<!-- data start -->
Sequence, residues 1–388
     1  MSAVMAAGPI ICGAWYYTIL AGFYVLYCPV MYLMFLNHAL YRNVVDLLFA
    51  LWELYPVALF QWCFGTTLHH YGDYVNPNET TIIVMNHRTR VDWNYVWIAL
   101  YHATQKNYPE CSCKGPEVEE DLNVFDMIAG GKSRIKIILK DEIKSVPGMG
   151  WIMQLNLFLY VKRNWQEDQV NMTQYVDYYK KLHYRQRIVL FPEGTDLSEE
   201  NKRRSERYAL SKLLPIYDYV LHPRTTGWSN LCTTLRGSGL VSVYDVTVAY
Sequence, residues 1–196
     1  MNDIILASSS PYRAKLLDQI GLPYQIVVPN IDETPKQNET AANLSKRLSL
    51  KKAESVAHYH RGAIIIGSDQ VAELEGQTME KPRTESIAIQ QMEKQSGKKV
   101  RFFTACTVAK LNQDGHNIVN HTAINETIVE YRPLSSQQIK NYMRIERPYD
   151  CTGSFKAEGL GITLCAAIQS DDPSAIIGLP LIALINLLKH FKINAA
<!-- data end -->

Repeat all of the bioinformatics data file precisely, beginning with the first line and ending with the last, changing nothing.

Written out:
Sequence, residues 1–388
     1  MSAVMAAGPI ICGAWYYTIL AGFYVLYCPV MYLMFLNHAL YRNVVDLLFA
    51  LWELYPVALF QWCFGTTLHH YGDYVNPNET TIIVMNHRTR VDWNYVWIAL
   101  YHATQKNYPE CSCKGPEVEE DLNVFDMIAG GKSRIKIILK DEIKSVPGMG
   151  WIMQLNLFLY VKRNWQEDQV NMTQYVDYYK KLHYRQRIVL FPEGTDLSEE
   201  NKRRSERYAL SKLLPIYDYV LHPRTTGWSN LCTTLRGSGL VSVYDVTVAY
Sequence, residues 1–196
     1  MNDIILASSS PYRAKLLDQI GLPYQIVVPN IDETPKQNET AANLSKRLSL
    51  KKAESVAHYH RGAIIIGSDQ VAELEGQTME KPRTESIAIQ QMEKQSGKKV
   101  RFFTACTVAK LNQDGHNIVN HTAINETIVE YRPLSSQQIK NYMRIERPYD
   151  CTGSFKAEGL GITLCAAIQS DDPSAIIGLP LIALINLLKH FKINAA